We had a man, once; a man who saved the world. A good man. A great man. They say we won’t ever have another man like him again. I don’t rightly know, myself. “Again” is a pretty long time. But he’d be pretty hard to beat, that’s for sure.
Ever since I was a young boy (though not quite that young), I have heard stories, nay, legends, about a video game for the Nintendo 64 home entertainment system known only by the moniker “Conker’s Bad Fur Day”. Published back in 2001 by Rareware, this game has constantly been touted as a cult classic due to its unique flavor of irreverent and mature humor packaged in the guise of a colorful adventure/platformer. For years I’ve been intrigued by its existence, as I fancy myself a fan of those that dare to take the road less travelled, but I really never knew anything about it other than, “It’s an M-rated cartoon game made by the people that did Banjo Kazooie and Donkey Kong 64; what more need be said?” While I’ve always wanted to play it and see for myself, I’ve never been one that enjoys crude humor, even if done well, and so I’ve held back time and time again. Last week, however, I finally bit the bullet and told myself that I would purchase this hallowed gem and experience the wonder of times gone by.
When memory constraints in arcade circuit boards and game cartridges were tight, programmers simply didn’t have the ability to make a game very long by design. However, a short game would leave the consumer disappointed as games were just as expensive then as they are now. The solution was difficulty: Make a game tricky to play and give the player limited chances to play it. Lives created a consequence for failure, and progression created a reward for success: it forced the player to keep playing and improve their skills if they wanted to achieve victory. Each time the player played the same level, it felt slightly different, because they were slightly more skilled than they were the last time they played it, and thus their gaming experience became new as new options opened to them.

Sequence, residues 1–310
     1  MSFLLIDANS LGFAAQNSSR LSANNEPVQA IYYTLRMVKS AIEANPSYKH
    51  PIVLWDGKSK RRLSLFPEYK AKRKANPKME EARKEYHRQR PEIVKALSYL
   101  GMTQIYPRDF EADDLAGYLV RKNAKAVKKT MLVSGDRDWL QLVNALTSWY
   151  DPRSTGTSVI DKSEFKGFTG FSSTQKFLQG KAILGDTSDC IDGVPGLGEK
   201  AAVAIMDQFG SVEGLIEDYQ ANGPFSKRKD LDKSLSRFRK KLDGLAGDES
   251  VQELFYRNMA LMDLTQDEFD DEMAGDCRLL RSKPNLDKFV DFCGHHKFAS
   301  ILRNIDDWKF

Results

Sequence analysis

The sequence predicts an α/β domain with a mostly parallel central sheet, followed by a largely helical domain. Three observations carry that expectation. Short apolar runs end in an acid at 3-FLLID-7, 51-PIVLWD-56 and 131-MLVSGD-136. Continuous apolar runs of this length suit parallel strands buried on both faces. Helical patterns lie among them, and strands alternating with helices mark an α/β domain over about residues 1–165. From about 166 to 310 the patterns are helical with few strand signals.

Spiderweb, in the corner. Underneath the shelf. Above the CD player.
A distant window is awash in evening gold. The light journeys long to reach my eyes. It winks against the dust of the still air, floating, mindlessly, silently.
Simen glances briefly at the spent field behind him. “I can see that. What of your allies?”
So I hear that some people—you know who you are—say that I’m running some kind of halfway house for monsters or something? Now I ain’t gonna say that they’re wrong. But I sure as hell ain’t gonna say that they’re right. I mean, yeah, I rent out my rooms without asking too many questions; s’long as they can pay and look normal enough I let ‘em in. But some grungy troll monster comes knocking at my door? I do whatever a good Southern woman would do: grab my shotgun and blow that trash away.
“Ehh, well, that’s why it’s here.” She walks off to clean some other table, leaving Cecile to ponder the parallels between sandwich shop pinball machine prizes, church raffles, and the state lottery. Finding that she doesn’t have a quarter in her pocket to begin with, she shrugs and leaves the arcade machine to its own devices, wandering back to Marcie and Luke who are just finishing up exchanging their money for goods and services.